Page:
As the August 16th mayoral runoff approaches, issues such as transportation will be front and center and C. Jack Ellis believes improving the transit system is vital in an effort to reduce poverty and boost economic development.
The mission of the Macon Transit Authority is the following: The MTA is to be primary provider of high quality, affordable buses and vans to the Macon-Bibb County Community that will increase the use of public transportation. The Authority is dedicated to maintaining an efficient, progressive, cost-conscious organization that provides a fair and equitable return to its stakeholders as it carries out its vision to become a nationally recognized public transportation system.
Is the Macon-Bibb County Transit Authority truly serving the community and living up to its mission? If not, then the upcoming August 16th runoff election provides an opportunity for citizens of Macon to make a statement via the ballot along with an opportunity to moving in a new direction.
Many citizens depend on the transit system as their sole source of transportation of getting around the city of Macon and Bibb County.
Whether its going to work during the week or church on Sundays or going downtown to handle matters such as banking along with shopping for necessities, the need for a reliable transportation system which is responsive to the needs of the citizens is vital to Central Georgia’s largest city.
On July 12th, Ellis had held a press conference to address this pressing problem and offered his plan to improve transportation system in the city of Macon. Ellis elaborated that he plans to instruct the Macon Transit Authority to have buses available to run on Sundays. Additionally, Ellis wants covered shelters at every bus stop.
The current general manager and CEO of the Macon-Bibb County Transit Authority is Rick Jones and he oversees the overall operations.
Many passengers who ride on the local buses have expressed that the Macon Transit Authority hasn’t lived up to their mission and changes must be made.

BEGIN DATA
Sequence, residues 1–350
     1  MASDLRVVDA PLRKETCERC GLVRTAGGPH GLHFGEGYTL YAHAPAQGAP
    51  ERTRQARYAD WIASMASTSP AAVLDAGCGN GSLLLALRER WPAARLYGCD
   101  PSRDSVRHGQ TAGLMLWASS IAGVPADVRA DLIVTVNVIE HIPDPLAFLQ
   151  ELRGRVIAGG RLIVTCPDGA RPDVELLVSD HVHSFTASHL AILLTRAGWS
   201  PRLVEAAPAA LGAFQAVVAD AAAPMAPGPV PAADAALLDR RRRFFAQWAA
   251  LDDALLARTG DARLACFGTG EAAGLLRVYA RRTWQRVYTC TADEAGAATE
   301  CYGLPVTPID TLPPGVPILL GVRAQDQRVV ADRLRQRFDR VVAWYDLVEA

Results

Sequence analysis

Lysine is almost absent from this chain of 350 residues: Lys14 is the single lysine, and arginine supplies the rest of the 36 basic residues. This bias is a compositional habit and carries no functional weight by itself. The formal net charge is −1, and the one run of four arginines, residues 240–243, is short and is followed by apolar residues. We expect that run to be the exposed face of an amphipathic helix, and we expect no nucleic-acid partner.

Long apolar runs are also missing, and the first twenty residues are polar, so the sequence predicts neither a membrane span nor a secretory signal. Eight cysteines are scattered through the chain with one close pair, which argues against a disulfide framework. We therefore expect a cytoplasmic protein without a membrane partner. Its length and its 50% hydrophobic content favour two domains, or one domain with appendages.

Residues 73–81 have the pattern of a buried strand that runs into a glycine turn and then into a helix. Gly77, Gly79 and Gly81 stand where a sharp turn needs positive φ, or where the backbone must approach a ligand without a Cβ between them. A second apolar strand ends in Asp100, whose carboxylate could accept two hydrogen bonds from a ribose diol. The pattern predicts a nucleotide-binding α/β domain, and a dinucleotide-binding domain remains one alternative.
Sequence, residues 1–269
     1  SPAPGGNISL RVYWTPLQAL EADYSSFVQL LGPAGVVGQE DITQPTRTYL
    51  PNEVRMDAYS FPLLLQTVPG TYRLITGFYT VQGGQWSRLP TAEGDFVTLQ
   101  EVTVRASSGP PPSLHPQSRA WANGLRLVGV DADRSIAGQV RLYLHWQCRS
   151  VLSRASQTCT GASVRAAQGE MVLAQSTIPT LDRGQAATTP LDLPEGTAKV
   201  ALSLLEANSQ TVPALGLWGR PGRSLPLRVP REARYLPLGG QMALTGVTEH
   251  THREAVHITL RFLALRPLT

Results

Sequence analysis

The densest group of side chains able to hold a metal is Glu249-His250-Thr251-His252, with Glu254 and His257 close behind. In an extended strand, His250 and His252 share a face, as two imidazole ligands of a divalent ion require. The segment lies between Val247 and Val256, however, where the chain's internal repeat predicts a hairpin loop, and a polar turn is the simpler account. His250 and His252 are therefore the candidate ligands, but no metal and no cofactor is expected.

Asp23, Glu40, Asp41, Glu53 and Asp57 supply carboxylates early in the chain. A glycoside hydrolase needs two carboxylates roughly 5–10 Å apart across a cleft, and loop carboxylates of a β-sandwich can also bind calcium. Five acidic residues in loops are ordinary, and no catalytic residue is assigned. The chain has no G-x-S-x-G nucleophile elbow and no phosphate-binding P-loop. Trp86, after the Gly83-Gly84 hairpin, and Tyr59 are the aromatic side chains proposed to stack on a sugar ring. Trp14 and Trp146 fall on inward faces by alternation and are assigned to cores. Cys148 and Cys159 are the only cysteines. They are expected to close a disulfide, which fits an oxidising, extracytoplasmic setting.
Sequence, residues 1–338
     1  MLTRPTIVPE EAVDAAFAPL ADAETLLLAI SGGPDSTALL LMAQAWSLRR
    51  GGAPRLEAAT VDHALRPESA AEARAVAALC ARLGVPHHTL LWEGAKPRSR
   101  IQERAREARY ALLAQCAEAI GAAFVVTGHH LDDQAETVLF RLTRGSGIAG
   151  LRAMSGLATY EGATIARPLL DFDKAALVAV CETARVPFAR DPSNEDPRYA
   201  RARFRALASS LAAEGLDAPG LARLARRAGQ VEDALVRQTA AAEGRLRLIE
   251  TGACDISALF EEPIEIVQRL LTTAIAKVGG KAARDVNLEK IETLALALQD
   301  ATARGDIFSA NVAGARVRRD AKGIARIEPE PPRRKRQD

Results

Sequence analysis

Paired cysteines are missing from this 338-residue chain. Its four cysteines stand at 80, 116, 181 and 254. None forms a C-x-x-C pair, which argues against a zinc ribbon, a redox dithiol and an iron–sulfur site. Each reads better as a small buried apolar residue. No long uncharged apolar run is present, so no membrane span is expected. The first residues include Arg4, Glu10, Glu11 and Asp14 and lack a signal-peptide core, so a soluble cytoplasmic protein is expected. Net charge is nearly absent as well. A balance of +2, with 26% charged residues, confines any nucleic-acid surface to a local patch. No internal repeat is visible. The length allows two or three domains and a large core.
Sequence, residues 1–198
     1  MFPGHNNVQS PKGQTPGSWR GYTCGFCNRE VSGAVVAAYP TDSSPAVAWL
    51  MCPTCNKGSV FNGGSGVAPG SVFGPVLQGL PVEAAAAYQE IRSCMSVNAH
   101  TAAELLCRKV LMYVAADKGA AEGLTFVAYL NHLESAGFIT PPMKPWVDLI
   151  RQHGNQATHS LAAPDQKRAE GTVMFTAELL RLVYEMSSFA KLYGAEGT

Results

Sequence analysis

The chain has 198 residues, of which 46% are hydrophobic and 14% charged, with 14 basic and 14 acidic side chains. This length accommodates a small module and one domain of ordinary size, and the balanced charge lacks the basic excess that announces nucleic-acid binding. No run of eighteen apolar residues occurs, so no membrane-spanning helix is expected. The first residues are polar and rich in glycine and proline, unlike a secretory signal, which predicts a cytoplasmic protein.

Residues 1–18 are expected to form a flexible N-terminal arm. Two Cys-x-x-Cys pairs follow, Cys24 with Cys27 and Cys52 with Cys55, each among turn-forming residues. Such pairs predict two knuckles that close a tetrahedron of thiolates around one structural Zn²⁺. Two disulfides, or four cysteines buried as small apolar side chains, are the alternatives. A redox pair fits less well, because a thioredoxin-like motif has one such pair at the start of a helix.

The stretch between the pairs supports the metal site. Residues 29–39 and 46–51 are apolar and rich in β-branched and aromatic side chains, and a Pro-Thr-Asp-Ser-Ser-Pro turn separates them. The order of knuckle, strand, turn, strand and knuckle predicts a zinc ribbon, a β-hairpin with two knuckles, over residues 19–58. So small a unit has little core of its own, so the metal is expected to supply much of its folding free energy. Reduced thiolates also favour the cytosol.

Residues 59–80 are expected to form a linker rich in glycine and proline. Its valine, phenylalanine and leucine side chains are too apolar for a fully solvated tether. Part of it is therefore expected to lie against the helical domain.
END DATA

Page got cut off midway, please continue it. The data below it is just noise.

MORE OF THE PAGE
Even though we are in 2011 and not 1955, African-Americans still make up a majority part of the paying customers to Macon’s transit system.
The Montgomery Bus Boycott was a political and social protest campaign that started in 1955 in Montgomery, Alabama intended to oppose the city’s policy of racial segregation on its public transit system. Many important figures in the civil rights movement were involved in the boycott, including Reverend Martin Luther King, Jr.
The boycott got the attention of the Montgomery public transit system, because the Montgomery’s black population who were the principal protestors were also the majority of their transit system’s paying customers.
The campaign lasted from December 1, 1955, when Rosa Parks, an African American woman, was arrested for refusing to surrender her seat to a white person, to December 20, 1956, when a federal ruling, Browder v. Gayle, took effect, and led to a United States Supreme Court decision that declared the Alabama and Montgomery laws requiring segregated buses to be unconstitutional.
In 2011, Ellis says adding an Amtrak service and Greyhound buses to Terminal Station should be a part of the solution to improve Macon’s transit system.
For these projects to become a reality, voting for representatives who will fight for funding and implementing progressive ideas to improve the Terminal Station and the Macon-Bibb Transit Authority is needed and Ellis says he would apply for federal grants and consider raising the ridership fee in an effort to pay for improvements.